Transforming the Culture of Commercial Credit: Trade Acceptances, Financial Reform, and the U.S. Money Market, 1915-1923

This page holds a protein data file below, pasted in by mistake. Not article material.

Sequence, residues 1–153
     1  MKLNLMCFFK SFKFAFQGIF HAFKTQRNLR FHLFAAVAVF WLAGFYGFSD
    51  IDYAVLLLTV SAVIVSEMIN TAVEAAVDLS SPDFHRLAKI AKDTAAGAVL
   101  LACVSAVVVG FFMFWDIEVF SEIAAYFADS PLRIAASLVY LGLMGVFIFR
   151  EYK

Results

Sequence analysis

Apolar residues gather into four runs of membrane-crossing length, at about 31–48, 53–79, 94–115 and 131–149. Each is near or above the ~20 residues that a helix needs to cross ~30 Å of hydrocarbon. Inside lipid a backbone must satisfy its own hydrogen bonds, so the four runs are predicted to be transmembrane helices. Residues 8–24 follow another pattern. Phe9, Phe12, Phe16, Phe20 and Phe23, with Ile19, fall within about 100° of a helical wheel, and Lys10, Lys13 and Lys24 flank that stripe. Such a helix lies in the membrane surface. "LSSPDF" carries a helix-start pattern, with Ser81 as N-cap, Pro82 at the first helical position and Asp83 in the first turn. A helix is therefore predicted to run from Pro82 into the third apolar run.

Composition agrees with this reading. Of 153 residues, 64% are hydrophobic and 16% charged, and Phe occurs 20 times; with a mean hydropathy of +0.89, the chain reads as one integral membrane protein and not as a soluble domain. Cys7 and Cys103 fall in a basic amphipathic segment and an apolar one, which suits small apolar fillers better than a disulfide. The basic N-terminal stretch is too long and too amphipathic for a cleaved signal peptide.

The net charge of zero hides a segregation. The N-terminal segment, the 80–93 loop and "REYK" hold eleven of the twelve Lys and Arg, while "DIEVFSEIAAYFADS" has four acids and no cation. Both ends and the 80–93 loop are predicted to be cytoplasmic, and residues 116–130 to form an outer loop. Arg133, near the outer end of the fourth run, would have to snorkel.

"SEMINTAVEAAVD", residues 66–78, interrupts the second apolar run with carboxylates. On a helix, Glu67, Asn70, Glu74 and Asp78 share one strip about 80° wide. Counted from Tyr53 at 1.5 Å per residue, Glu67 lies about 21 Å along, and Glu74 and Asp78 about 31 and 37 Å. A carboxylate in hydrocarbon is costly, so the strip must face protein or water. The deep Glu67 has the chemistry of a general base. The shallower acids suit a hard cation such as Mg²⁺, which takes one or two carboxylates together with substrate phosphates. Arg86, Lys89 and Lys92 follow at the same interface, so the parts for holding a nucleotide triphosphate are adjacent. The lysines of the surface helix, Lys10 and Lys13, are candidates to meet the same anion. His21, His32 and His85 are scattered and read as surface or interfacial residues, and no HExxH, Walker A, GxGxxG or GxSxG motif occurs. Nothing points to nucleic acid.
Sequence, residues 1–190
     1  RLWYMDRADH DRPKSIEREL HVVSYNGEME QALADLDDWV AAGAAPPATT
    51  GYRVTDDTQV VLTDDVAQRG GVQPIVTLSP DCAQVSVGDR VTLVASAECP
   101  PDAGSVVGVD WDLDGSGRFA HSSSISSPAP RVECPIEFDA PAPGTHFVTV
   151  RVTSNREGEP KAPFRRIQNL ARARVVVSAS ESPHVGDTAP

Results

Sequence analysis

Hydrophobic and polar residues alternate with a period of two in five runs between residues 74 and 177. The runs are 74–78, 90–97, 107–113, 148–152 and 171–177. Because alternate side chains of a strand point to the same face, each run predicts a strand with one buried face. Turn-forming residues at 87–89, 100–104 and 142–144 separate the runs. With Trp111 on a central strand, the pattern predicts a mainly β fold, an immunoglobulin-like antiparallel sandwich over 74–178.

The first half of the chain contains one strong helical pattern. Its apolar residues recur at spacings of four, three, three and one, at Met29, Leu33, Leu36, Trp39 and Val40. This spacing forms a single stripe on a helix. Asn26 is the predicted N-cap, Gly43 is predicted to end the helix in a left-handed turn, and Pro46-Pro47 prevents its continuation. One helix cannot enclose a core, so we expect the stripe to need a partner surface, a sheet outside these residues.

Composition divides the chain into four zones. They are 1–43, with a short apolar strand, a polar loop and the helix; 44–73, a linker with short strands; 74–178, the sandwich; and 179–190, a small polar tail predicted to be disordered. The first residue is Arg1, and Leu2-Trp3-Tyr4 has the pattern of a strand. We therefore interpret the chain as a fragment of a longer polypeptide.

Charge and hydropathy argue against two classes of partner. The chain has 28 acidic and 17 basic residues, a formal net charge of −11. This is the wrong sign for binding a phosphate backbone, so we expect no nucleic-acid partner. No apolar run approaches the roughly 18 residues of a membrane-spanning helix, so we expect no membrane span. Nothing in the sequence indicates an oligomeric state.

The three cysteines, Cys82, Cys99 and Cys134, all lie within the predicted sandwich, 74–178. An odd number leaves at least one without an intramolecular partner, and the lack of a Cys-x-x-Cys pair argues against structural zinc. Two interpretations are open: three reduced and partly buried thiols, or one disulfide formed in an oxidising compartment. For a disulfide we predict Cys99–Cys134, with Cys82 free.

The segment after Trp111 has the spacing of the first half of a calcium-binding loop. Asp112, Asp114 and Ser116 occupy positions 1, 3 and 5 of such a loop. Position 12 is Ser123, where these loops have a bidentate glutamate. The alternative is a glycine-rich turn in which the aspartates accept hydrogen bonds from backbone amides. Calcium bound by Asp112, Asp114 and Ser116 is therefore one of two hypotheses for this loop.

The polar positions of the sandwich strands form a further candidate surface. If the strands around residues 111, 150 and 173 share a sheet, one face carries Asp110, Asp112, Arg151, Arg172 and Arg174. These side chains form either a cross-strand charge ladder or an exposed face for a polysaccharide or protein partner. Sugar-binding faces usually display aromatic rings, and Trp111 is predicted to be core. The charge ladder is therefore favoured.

Existing research describes the shift from insider to impersonal lending in late-19th century New England and the negative effect of restricting bank lending to short-term commercial transactions on fixed capital investment (Lamoreaux 1991). But how do shifts to impersonal lending affect circulating capital? This paper explores this theme by examining a similar—albeit less successful—financial reform agenda initiated following the creation of the Federal Reserve in 1913. Specifically, it documents the promotion of—and resistance to—a brazen plan to transform the entrenched commercial credit practices of U.S. distributors and retailers by replacing open account credits and the cash discount system with trade acceptances (i.e. commercial bills of exchange). Drawing on a rich body of primary sources from the Fed, trade associations and the commercial press, the paper endeavours to show why these efforts were largely fruitless. Financial reformers relied on trade associations to promote their agenda despite uncertainty about the legality of this strategy under anti-trust law. Reformers argued that the adoption of trade acceptances would lead to a “modernization” of business practices and make mercantile credit “productive” insofar as acceptances purportedly offered a safe way of increasing the available means of payment as demand surged during World War I. Furthermore, boosting the supply of acceptances would support the establishment of a deep and liquid acceptance-based money market capable of supplanting New York’s call loan market. Meanwhile, opponents developed narratives championing the merits of the “American way” of commercial credit. In the end, however, the main factors in the failure of this radical transformation of commercial credit arrangements in the distribution industry were the indifference of large enterprises and the defensive stance of country bankers eager to maintain market share and profitability. Overall, the paper offers an original perspective on the relationship between business practices and macro-level structures.